Editor’s Note: This article was originally published on rethinkingyouthministry.com and is reprinted here with permission.
by Brian Kirk
Invite students individually or in small groups to brainstorm on sticky pad notes the names/nicknames we give to Jesus that explain how we think about him (or how we’ve been taught to think about him). Ask them to stick the notes onto a flip chart or perhaps a large image of Jesus. Read the responses out loud.
Where do you think our ideas about Jesus come from (e.g. Bible, parents, church, culture, literature, art, experiences). Where do people outside the church get their ideas about who Jesus was?
Set out lots of Christmas cards depicting images of the nativity. Ask kids to name characters and elements of the nativity story that they can remember. Note the differences in the ways the various artists depict the story. Share that Scripture provides multiple understandings of who Jesus was and just looking at the Christmas story can demonstrate this. In small groups, challenge youth to read together Luke 2:1-19 and Matthew 1:18-2:18. Their goal is to uncover together which elements listed below of the traditional Christmas story appear in which gospel:
How do you feel about the fact that these two stories are so different? What guesses do you have for why the people who compiled the Bible would include both stories even though they are different?
Now let’s focus in on on just one of the stories: Luke’s. Share with students that the writer of this story likely wrote it decades after Jesus’ death. He likely didn’t know Jesus personally and was not reporting history (at least in the way we understand history) as much as trying to share his or her community’s understanding of who Jesus was and how they had experienced God in Jesus. So, what was that understanding?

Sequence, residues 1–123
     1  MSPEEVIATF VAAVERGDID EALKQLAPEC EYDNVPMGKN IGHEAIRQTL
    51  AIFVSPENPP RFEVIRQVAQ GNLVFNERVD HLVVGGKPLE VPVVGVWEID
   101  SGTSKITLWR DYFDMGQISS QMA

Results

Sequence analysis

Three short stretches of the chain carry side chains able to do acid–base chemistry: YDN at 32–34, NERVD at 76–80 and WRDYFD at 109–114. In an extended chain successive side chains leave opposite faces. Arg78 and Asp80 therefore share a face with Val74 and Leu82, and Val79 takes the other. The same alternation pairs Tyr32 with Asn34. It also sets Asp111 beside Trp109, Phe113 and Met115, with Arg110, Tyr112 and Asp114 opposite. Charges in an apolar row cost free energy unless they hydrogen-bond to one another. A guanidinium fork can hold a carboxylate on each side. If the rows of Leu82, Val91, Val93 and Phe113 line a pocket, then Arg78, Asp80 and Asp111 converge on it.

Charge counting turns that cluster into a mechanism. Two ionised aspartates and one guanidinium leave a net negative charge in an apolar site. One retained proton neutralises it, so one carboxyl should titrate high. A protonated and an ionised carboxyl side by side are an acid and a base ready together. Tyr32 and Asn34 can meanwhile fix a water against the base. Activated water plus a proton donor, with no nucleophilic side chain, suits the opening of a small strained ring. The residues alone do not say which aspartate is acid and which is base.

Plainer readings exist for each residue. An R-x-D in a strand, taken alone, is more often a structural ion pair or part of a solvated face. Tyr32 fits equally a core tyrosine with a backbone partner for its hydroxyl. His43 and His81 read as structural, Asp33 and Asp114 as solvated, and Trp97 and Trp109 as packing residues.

Invite students again to work in small teams, reading again the above passage from Luke and responding together to the questions below:
Come back together as a whole group and invite students to share the various responses they had to the questions above. You might mention that much of Luke’s way of telling the story connects with Luke’s particular focus on Jesus’ ministry to the outcast, the poor, the neglected, and the downtrodden. His birth story contains many elements that point to Jesus’ own eventual ministry to the “least of these.” The mere fact that each Gospel writer talks about Jesus in a unique and distinct way is a reminder to us that the story of Jesus and his ministry are not as simple as the images we see on the front of a Christmas card.
As a connection with the idea that the Church and our culture see Jesus in many different ways, share the song “The Rebel Jesus” by Jackson Browne (available on this album). Have they ever thought of using the term “rebel” to describe Jesus? What in the Christmas story might hint at this way of thinking about Jesus? Where is there still a need in our lives and in the world today for a rebel Jesus?
Close in prayer.
We are hearing from numerous youth ministers that during this season their plate is just too full. Caring for others is a ministry staple, but often it comes at the expense of caring for oneself. Self care for the Youth MInister is so important. If you don’t take time for yourself and your own relationship with God, not only will you suffer, but eventually your students will too.
We’ve created a Pandemic Youth Week curriculum bundle that combines elements of both a summer camp and a youth week. Many youth are missing out on both of these due to cancelled camps and trips among other cancelled important events your youth would usually attend. We’ve written this curriculum such that it can be used in person while socially distancing, online, or some combination of both.
Despite all the challenges the pandemic has presented to youth ministries, it has also created an opportunity to allow youth more involvement in worship. Although youth sunday will look very different this year, it is a great opportunity to empower our youth to be leaders. Youth’s comfort and familiarity with technology make them a great resource for churches who are seeking to move their worship services online for the first time.